Newberg church will host a dance circle that draws from various faith traditions

As a big believer in the interfaith movement, Newberg First United Methodist Church Pastor Bob Flaherty first encountered Dances of Universal Peace at the Parliament of the World’s Religions in Barcelona, Spain, in 2004.

Prior to serving as pastor in Newberg, Flaherty occasionally participated in the dance circles, which blend chants and sayings from various faith traditions with simple movements, in Portland.

Earlier this year, Flaherty invited a couple members of the congregation to join him at one and he was pleasantly surprised that they took him up on the offer.

Their experience quickly led to an invitation for Moving Meditations — a group that runs circles in Portland, Hillsboro and West Linn — to bring Dances of Universal Peace to Newberg.

“It’s very cool,” Flaherty said. “Everybody is going to experience it differently. I experience it as fun and spiritually uplifting. That’s probably because of my orientation. I’m very much a Christian, but at the same time I’m pretty eclectic and connected to the interfaith world. It’s just really neat to use faiths from other places and see other people doing this together. I’m excited about it.”

Michael Sheehan and Michelle Sparks-Smith will lead the event, which will take place from 7:30 to 9 p.m. April 30 at First United Methodist.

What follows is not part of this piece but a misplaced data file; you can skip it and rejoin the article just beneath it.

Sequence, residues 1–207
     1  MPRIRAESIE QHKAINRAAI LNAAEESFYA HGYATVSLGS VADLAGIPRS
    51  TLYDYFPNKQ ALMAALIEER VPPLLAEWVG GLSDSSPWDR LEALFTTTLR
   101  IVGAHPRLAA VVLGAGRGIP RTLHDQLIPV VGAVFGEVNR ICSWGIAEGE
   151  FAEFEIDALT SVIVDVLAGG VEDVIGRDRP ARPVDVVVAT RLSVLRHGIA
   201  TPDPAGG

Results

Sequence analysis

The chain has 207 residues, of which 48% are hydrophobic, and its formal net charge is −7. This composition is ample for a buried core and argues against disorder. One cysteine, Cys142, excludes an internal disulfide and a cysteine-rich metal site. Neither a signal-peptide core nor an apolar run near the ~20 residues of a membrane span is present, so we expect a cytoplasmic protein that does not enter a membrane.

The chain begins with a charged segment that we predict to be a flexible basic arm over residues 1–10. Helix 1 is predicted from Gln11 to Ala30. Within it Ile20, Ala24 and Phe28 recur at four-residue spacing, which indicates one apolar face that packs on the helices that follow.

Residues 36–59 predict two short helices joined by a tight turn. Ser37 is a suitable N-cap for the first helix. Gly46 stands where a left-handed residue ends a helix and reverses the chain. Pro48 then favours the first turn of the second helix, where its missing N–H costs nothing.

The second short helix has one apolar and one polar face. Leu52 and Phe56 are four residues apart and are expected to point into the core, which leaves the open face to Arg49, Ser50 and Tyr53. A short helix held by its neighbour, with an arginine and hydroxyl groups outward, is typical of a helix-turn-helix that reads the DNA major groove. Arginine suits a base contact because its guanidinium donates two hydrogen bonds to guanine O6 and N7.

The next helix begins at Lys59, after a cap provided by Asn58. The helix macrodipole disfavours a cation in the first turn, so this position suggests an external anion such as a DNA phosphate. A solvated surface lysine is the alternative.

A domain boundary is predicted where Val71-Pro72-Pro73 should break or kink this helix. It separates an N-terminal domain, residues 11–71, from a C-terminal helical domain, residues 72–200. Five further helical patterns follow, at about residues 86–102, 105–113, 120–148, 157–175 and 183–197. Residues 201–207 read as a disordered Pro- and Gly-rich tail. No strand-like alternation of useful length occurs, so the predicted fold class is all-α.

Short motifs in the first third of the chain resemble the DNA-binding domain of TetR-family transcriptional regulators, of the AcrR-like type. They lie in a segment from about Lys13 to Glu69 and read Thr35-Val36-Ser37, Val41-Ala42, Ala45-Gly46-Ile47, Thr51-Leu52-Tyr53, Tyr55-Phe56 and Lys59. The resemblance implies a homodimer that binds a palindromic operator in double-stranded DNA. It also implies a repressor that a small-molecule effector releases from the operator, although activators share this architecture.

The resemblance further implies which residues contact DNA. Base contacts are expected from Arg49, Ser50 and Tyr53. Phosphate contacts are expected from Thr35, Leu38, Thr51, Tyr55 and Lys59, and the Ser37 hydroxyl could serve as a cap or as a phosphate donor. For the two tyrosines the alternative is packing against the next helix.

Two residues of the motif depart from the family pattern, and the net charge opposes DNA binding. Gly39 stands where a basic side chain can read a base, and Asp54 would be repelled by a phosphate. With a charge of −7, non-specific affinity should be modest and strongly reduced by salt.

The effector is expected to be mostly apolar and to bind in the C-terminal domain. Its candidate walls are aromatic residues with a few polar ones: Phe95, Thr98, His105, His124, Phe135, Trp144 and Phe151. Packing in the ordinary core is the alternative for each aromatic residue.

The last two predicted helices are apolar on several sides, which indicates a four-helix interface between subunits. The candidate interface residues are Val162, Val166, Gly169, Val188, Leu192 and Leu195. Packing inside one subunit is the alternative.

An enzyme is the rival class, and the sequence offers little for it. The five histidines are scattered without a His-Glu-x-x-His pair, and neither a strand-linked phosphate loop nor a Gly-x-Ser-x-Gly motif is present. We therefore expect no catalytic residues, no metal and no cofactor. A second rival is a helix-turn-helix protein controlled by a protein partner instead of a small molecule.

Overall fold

Those who may be intimidated by the dance aspect of the circle shouldn’t be, according to both Sheehan and Flaherty. All it takes is a couple of minutes to learn the chant and the movements, then the group takes part for eight to 10 minutes before learning a new dance.

“To say ‘dance’ is a little bit intimidating because it suggests you need to be in rhythm and everything needs to be done in time, but there really no way you can mess these up,” Flaherty said. “They have prescribed movements, but if you turn the wrong way nobody is going to be upset about that. It’s sort of a circle dance and you don’t have to know anything to do it.”

Each dance will usually have a theme of some sort and several dances selected by Sheehan and Sparks-Smith just a few days ahead of time, allowing for inspiration to strike and leaving time for them to do a little practice.

In the course of an evening, the circle will usually do about six to eight dances incorporating chants or sayings from Native American, Buddhist, Christian, Islamic, Jewish, Sikh and other traditions.

It is an integrative experience, connecting mind, heart and body in a way that can be quite powerful yet relaxing at the same time, Flaherty said.

“One of the things that really attracted me to the dances is that at the end of each dance, no matter what language you used or name of God you may have used, there is this silence and I could feel this palpable presence of peace and healing and blessing,” he said. “Every dance that I’ve ever been to, when it’s over you can just see people glowing and smiling, happy and de-stressed. That, to me, is always the evidence that it’s just been a wonderful experience for people.”

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